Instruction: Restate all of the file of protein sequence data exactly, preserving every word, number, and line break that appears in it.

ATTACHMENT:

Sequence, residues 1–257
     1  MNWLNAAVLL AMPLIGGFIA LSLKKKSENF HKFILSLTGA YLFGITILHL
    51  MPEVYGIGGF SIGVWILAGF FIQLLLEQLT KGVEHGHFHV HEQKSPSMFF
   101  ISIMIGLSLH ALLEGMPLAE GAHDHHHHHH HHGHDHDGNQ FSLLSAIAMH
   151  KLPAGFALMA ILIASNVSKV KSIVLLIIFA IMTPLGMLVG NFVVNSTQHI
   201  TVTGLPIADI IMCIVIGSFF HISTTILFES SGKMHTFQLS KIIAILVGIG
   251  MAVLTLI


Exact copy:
Sequence, residues 1–257
     1  MNWLNAAVLL AMPLIGGFIA LSLKKKSENF HKFILSLTGA YLFGITILHL
    51  MPEVYGIGGF SIGVWILAGF FIQLLLEQLT KGVEHGHFHV HEQKSPSMFF
   101  ISIMIGLSLH ALLEGMPLAE GAHDHHHHHH HHGHDHDGNQ FSLLSAIAMH
   151  KLPAGFALMA ILIASNVSKV KSIVLLIIFA IMTPLGMLVG NFVVNSTQHI
   201  TVTGLPIADI IMCIVIGSFF HISTTILFES SGKMHTFQLS KIIAILVGIG
   251  MAVLTLI